Lab Manager
As the threat of antibiotic resistance grows, scientists are turning to the human body and the trillion or so bacteria that have colonized us — collectively called our microbiota — for new clues to fighting microbial infections. They've logged an early success with the discovery of a new antibiotic candidate from vaginal bacteria, reports Chemical & Engineering News, the weekly news magazine of the American Chemical Society.
Share this article:   Share on FacebookTwitterShare on LinkedinE-mail article
READ MORE




Expanded knowledge about human metabolome expected to fuel development of new therapeutic drugs and medical lab tests
Dark Daily
One field of science that bears great potential for use in diagnostics and medical laboratory testing involves the human metabolome. Researchers are gaining more understanding of the genetic underpinnings of complex disease and drug response through metabolic pathways. For example, scientists at the Wellcome Trust Sanger Institute in the United Kingdom have linked 145 genetic regions with more than 400 molecules involved in metabolism in human blood, a story in Genetic Engineering News recently reported. The resulting atlas of associations will enable identification of genes that could be targeted in the development of drugs and clinical lab test.
Share this article:   Share on FacebookTwitterShare on LinkedinE-mail article
READ MORE


SPONSORED CONTENT


New 'lab-on-a-chip' could revolutionize early diagnosis of cancer
Phys.org
Scientists have been laboring to detect cancer and a host of other diseases in people using promising new biomarkers called "exosomes." Indeed, Popular Science magazine named exosome-based cancer diagnostics one of the 20 breakthroughs that will shape the world this year. Exosomes could lead to less invasive, earlier detection of cancer, and sharply boost patients' odds of survival.
Share this article:   Share on FacebookTwitterShare on LinkedinE-mail article
READ MORE


PRODUCT SHOWCASE
  GBI Cost Effective Products

GBI Labs produces the largest selection of secondary detection kits, from single to multiple detection kits, with wide range host species. We provide FREE samples to 1st time users. Staining with our kits results in similar or better sensitivity than other detection kits on the market with 20%-30% cost less.
 


Texas Ebola patient gets Chimerix drug, clinical trials planned
Xconomy
Chimerix's lead antiviral drug candidate, which has already shown efficacy treating infections in transplant patients, is being called upon as an emergency Ebola treatment even as the company ramps up to test the drug in humans.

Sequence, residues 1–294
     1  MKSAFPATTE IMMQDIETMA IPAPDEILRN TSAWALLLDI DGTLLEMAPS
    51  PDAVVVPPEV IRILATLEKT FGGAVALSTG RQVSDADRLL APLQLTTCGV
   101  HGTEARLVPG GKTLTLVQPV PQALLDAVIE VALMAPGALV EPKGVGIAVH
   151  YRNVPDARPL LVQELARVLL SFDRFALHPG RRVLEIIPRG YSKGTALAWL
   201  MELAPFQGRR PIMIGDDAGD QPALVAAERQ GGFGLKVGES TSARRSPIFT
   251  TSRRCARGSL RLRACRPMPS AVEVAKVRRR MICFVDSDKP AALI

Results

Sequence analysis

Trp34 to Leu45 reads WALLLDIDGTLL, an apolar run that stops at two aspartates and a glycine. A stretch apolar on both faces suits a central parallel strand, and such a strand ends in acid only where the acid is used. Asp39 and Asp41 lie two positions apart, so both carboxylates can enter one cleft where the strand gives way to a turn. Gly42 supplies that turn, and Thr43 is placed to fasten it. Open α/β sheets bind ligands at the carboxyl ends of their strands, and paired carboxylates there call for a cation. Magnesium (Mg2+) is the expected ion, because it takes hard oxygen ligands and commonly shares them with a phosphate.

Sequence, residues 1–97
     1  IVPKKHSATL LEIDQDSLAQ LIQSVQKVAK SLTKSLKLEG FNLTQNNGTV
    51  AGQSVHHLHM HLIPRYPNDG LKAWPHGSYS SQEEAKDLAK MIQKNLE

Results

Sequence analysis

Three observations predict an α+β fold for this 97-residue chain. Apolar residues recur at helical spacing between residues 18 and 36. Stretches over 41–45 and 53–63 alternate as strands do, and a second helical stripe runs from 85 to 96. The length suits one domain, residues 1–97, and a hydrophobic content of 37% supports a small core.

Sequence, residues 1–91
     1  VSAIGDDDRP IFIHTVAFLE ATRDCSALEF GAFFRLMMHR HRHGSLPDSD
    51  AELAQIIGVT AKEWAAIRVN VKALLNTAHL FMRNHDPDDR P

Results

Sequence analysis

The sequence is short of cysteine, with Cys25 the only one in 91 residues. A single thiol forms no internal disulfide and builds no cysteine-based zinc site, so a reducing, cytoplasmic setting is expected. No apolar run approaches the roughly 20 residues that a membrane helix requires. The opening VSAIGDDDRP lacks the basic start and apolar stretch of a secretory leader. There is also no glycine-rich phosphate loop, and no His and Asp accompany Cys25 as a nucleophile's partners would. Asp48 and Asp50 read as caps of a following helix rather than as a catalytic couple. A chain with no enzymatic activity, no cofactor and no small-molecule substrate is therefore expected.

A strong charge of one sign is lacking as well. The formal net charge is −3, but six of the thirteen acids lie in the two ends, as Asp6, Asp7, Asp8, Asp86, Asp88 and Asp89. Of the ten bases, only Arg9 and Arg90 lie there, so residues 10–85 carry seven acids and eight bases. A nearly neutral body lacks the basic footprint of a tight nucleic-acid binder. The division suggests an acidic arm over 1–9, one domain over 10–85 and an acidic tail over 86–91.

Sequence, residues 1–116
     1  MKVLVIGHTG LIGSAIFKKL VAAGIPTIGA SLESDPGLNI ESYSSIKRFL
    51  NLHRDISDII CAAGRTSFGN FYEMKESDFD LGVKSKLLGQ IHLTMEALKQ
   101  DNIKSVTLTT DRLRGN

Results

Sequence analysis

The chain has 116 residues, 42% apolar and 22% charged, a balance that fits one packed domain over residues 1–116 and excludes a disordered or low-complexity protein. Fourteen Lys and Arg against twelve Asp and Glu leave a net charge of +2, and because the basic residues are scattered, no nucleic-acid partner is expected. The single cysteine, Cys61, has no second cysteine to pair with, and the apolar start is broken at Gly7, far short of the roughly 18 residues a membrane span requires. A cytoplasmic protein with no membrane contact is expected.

Share this article:   Share on FacebookTwitterShare on LinkedinE-mail article
READ MORE


Global pathology networks support collaboration to enhance patient care
InsuranceNewsNet.com
Already central to providing the diagnostic information that helps determine patient treatment, pathologists now play a more pivotal role than ever in clinical decision support, thanks to healthcare reform initiatives focused on providing cost-effective, value-based care.
Share this article:   Share on FacebookTwitterShare on LinkedinE-mail article
READ MORE




Valley fever drug fast-tracked by FDA
KTVK-TV
A drug that Tucson doctors are developing to cure valley fever is on track to go into clinical trials next year thanks to a fast-track designation from the Food and Drug Administration. Nikkomycin Z, NikZ for short, is an antifungal drug. The FDA approved the University of Arizona's request to designate NikZ as a "qualifying infectious disease product." Those four letters are a big deal.
Share this article:   Share on FacebookTwitterShare on LinkedinE-mail article
READ MORE




TRENDING ARTICLES
Missed last week's issue? See which articles your colleagues read most.

    Researchers engineer new mouse model to study disease (Health Canal)
Biologists find an early sign of pancreatic cancer (Bioscience Technology)
Study: Telomere length impacts melanoma risk (Dermatology Times)
The value of rapid tests (ADVANCE for Medical Laboratory Professionals)

Don't be left behind. Click here to see what else you missed.


 

Under the Microscope
Colby Horton, Vice President of Publishing, 469.420.2601
Download media kit

Ashley Whipple, Senior Content Editor, 469.420.2642   
Contribute news

This edition of Under the Microscope was sent to ##Email##. To unsubscribe, click here. Did someone forward this edition to you? Subscribe here -- it's free!
Recent issues
Oct. 1, 2014
Sept. 30, 2014 Blast
Sept. 25, 2014
Sept. 23, 2014 Blast



7701 Las Colinas Ridge, Ste. 800, Irving, TX 75063